Surgeons from the University of Maryland Medical Center have transplanted the first lungs treated with an experimental repair process before transplantation. This experimental procedure is carried out to repair the donor lungs that otherwise would have been rejected for transplant.
The procedure is part of a five-center national clinical research trial to evaluate the efficacy of repairing, before transplant, lungs that might otherwise have been passed over as unsuitable for organ donation. The results of this study, if successful, could significantly expand the number of transplantable lungs available to patients awaiting transplants.
Currently, only 15-20 percent of donor lungs are transplantable; most do not meet transplant criteria. The research focuses on an external perfusion technique using a fluid called STEEN SolutionTM .
More than 1,700 people are on the lung transplant waiting list in the U.S., including nearly 30 in Maryland, according to the United Network for Organ Sharing.
We are excited about the prospect of what this ex vivo, out-of-the-body perfusion technique could mean for our many transplant candidates who often spend years waiting for lungs to become available, says the principal investigator, Bartley P. Griffith, M.D., professor of surgery at the University of Maryland School of Medicine and chief of cardiothoracic surgery at the University of Maryland Medical Center. This research is part of our ongoing goal to develop innovative procedures and rapidly improve our patients' quality of life.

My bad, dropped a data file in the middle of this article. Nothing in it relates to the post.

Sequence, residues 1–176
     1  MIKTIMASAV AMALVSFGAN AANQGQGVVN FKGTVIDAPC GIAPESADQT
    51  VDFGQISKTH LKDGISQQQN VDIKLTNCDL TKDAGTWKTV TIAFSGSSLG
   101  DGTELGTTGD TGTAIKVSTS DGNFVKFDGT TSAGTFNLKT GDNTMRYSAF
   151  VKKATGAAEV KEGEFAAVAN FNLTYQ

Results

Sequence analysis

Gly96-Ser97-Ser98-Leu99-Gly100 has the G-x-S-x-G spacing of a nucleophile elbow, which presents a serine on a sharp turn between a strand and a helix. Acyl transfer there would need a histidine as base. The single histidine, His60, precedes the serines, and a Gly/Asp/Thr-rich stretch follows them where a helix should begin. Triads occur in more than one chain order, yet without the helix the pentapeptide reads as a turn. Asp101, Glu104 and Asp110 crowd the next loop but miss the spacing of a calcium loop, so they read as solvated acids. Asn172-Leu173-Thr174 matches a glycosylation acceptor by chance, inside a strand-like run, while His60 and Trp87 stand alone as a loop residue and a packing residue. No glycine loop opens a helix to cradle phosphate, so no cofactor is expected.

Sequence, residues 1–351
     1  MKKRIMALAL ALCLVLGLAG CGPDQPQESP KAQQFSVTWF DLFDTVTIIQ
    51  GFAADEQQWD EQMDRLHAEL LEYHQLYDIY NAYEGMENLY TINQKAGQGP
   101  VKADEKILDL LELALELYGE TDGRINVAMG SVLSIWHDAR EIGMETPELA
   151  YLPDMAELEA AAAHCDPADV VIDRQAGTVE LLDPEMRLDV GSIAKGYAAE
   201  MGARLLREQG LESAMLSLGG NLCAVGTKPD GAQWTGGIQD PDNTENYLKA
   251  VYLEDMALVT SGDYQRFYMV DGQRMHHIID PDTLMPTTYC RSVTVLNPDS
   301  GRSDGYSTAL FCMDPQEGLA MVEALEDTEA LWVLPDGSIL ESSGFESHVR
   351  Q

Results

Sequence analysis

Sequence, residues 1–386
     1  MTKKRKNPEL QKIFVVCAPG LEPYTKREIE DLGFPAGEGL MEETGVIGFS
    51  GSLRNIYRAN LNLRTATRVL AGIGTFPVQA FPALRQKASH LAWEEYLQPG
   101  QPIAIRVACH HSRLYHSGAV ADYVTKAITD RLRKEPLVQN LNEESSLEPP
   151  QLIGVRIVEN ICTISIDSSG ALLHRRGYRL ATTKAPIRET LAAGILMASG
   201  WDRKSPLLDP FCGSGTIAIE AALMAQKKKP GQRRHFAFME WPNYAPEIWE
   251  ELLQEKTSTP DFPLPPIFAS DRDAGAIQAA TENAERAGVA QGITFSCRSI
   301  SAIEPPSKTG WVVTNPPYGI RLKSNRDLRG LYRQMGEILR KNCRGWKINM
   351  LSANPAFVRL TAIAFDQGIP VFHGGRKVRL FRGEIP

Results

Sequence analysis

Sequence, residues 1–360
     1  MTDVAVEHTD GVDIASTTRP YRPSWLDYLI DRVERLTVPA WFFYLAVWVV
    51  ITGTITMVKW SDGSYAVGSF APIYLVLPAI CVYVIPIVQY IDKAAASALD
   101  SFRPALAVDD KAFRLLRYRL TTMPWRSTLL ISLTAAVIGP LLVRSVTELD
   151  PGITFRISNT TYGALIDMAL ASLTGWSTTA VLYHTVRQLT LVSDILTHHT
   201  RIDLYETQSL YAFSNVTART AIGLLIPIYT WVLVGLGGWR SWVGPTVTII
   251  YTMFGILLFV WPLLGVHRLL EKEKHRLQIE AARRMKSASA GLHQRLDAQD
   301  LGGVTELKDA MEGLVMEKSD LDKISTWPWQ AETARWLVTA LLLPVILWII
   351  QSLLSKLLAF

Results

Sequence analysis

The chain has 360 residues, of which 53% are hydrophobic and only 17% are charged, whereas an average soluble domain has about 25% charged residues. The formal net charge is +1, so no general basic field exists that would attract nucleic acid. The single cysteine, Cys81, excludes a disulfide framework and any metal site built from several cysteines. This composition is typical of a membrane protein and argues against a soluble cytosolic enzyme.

Lungs in this clinical trial are recovered using current donor lung retrieval techniques. Once brought to the study transplant center, the lungs are re-assessed by the transplant team. The lungs are then physiologically assessed during ex vivo perfusion with STEEN SolutionTM over a period of three to four hours. During this time, the transplant team evaluates abnormalities inside the lungs, oxygenation levels and overall health of the lungs. At the end of the process, the transplant team determines if the lungs meet the high standards necessary for transplantation.
Our goal is to constantly advance science and medicine in order to better serve our patients, says E. Albert Reece, M.D., Ph.D., M.B.A., vice president of medical affairs at the University of Maryland and dean of the University of Maryland School of Medicine. Clinical trials, such as this ex vivo lung perfusion, are an important tool to help us apply discovery from the laboratory to patient care at the bedside.
Studies from other sites outside the U.S. have demonstrated that the results after transplantation using this ex vivo technique were at least as good as lungs that had not required perfusion, says Griffith. These findings, plus the expertise from within our own center, give me great confidence in the future use of this ex vivo perfusion technique as an option to potentially increase our pool of transplantable lungs and reduce long wait times for our transplant candidates.
STEEN SolutionTM is a product of Xvivo Perfusion, part of the Vitrolife Group, Goteborg, Sweden.